He would use the in-vogue 4-3-3 formation as the catalyst to develop his ‘tiki-taka’ vision – a high intensity, possession based system which Barcelona still faithfully use to this day. Providing the basis on which Barca’s great teams of the twenty-first century now under Tito Vilanova and in recent years Pep Guardiola and Frank Rijkaard have flourished is just another feather in Cruijff’s cap and one for which he is not given enough credit. The jury is out on whether his legacy is his greatest achievement but what is certain is that the footballing landscape today would be unrecognisable were it not for him and his brilliant footballing vision and ingenuity.
After two uninspiring years chasing the dream in the land of the free, Cruijff’s career seemed to be petering out. As the North American Soccer League began to crumble around him, you could have been forgiven for believing the sun was setting on his playing days. After negotiations with Leicester City collapsed at an advanced stage, Cruijff eventually made his return to Europe with Spanish second tier outfit Levante.
However after an injury plagued spell with the side, he was given the chance to make an emotional return to his boyhood club Ajax and begin a renaissance of his career. Two more Eredivisie titles followed, with the undoubted enduring image of his second stretch in Amsterdam his outlandish penalty routine with teammate Jesper Olsen in 1982.
After being unable to keep the dream going due to a contractual wrangling in 1983, Cruijff took a gamble and signed with Ajax’s arch-rivals Feyenoord, sparking anger and dismay amongst the Amsterdam side’s supporters and officials. The gamble paid dividends as he enjoyed a dream final season, helping Feyenoord to their first title in a decade and a Dutch Cup to boot. Johan Cruijff only ever played 48 games in brilliant orange but he bowed out of the glare of the professional game as a thirty-seven year old and as one of the few great men to grace the hearts and minds of every one of the crazy gang that is the footballing fraternity.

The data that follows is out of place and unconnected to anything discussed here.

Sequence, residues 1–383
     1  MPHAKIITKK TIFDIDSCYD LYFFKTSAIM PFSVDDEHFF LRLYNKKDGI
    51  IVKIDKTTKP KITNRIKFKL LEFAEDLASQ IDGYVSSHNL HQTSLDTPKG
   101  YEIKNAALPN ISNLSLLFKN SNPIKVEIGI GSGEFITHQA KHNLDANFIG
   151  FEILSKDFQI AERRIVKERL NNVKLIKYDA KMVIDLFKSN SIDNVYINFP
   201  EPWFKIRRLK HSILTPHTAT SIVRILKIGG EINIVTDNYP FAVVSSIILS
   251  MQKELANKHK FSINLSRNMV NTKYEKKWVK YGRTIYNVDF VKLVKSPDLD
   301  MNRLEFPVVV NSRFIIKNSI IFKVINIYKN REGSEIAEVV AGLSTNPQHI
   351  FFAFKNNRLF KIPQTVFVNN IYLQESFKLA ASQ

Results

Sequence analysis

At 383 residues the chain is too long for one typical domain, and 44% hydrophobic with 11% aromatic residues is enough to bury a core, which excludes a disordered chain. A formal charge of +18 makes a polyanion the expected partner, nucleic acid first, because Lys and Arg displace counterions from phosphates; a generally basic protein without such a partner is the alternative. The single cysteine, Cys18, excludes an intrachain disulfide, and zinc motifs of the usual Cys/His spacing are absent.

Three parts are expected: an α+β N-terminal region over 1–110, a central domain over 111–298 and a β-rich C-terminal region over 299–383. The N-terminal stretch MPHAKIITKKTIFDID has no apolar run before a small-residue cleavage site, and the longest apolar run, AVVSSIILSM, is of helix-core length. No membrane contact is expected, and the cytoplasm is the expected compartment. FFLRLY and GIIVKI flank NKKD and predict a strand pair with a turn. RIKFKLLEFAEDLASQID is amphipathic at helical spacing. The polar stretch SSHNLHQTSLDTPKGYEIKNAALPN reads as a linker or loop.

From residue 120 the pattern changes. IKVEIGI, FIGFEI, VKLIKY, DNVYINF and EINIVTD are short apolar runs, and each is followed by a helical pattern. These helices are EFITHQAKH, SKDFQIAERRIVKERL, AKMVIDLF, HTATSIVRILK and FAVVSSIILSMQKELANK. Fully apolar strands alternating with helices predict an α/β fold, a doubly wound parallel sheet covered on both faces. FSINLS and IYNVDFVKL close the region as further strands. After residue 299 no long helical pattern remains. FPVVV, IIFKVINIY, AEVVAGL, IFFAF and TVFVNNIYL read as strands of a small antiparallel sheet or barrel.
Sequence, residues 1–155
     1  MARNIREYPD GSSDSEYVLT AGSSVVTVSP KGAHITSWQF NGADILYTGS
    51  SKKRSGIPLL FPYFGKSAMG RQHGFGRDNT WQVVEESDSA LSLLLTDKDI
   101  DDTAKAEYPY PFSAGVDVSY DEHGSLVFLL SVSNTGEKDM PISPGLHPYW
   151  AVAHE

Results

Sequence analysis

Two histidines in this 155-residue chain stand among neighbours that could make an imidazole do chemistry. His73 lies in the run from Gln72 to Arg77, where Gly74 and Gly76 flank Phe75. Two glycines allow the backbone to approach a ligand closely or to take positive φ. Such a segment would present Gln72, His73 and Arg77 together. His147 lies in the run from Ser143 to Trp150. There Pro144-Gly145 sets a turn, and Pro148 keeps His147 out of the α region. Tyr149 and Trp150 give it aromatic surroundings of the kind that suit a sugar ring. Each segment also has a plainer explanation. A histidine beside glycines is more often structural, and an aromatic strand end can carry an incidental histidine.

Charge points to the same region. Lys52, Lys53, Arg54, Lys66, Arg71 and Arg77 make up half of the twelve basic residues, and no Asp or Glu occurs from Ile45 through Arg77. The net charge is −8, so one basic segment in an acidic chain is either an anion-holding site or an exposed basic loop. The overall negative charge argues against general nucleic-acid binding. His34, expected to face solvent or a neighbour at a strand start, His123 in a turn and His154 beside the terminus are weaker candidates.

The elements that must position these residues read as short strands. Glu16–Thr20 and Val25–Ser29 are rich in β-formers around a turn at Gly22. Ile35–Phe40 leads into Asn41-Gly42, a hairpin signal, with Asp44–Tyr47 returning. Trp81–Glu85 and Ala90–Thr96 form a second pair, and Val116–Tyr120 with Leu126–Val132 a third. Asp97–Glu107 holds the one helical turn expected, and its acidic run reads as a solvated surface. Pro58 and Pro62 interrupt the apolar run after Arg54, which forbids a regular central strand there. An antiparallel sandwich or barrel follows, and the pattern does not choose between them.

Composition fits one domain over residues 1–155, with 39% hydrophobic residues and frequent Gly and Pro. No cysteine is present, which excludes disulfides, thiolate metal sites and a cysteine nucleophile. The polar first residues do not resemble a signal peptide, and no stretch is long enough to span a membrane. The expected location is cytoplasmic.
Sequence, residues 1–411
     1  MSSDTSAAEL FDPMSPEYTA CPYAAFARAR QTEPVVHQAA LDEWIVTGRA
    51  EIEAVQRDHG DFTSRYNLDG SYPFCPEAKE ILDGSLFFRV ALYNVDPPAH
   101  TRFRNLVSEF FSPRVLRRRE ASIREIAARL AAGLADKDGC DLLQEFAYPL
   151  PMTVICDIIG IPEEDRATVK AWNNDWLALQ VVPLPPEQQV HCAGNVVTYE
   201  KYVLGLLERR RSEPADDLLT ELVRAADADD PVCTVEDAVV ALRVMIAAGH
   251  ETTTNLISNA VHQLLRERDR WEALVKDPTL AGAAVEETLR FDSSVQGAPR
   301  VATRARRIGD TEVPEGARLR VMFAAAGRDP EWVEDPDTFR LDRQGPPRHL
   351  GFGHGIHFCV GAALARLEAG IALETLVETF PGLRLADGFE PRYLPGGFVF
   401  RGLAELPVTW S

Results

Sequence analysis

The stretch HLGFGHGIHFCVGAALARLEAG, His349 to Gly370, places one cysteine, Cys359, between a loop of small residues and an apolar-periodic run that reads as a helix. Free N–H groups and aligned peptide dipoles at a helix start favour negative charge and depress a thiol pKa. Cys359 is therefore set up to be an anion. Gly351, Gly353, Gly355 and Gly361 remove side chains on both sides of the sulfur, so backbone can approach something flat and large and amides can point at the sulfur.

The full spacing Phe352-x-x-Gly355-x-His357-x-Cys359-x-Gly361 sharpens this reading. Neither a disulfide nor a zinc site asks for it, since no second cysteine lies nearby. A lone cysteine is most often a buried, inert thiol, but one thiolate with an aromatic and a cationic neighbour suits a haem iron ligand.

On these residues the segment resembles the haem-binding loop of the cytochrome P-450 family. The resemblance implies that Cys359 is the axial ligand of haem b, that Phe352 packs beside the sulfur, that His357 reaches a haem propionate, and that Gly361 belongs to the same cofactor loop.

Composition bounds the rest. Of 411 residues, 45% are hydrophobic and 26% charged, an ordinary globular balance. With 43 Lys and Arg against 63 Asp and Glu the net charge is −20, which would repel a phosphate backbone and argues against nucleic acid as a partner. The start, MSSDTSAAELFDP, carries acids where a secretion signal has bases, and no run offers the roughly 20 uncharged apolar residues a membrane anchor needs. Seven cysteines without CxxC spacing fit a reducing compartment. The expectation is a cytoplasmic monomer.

After the glory and the fun and the games of Johan Cruijff’s playing and managerial years, the man himself has somewhat slipped into the shadows. His public contributions to the beautiful game are growing few and far between and unlike many of his contemporaries, such as the exquisite libero of the 1970s Franz Beckenbauer, he has not continued to remain at the forefront of people’s minds – notwithstanding his role on Ajax’s supervisory board.
However, perhaps, this is understandable. Cruijff is not a man who feels the buzz of fame. He does not feed off the lifeblood of cut and thrust football in the same way he used to. To this end, he took up the leisurely managerial post of the Catalonia side in 2009 – a commitment that means one match a year to oversee and a peculiar undertaking in so much as he has some of the most gifted and well-known players of our time – Iniesta, Xavi, Puyol, Valdes and Bojan to name but a few – at his disposal, yet he cannot even begin to trouble public consciousness with them.
Maybe this is the perfect job for him – lurking outside the bubble of fame. However, even mystery surrounds him in Catalonia with sporadic reports of his resignation appearing a few weeks ago. Despite hopes that he will return for one last hurrah, it appears, “The tooth of time has done its work,” as he himself put it.
He is no longer the man he once was. The world has probably seen the last of Johan Cruijff and how gut-wrenching that is. It would have relished the chance to have seen an awful lot more.
By Jack Chatterton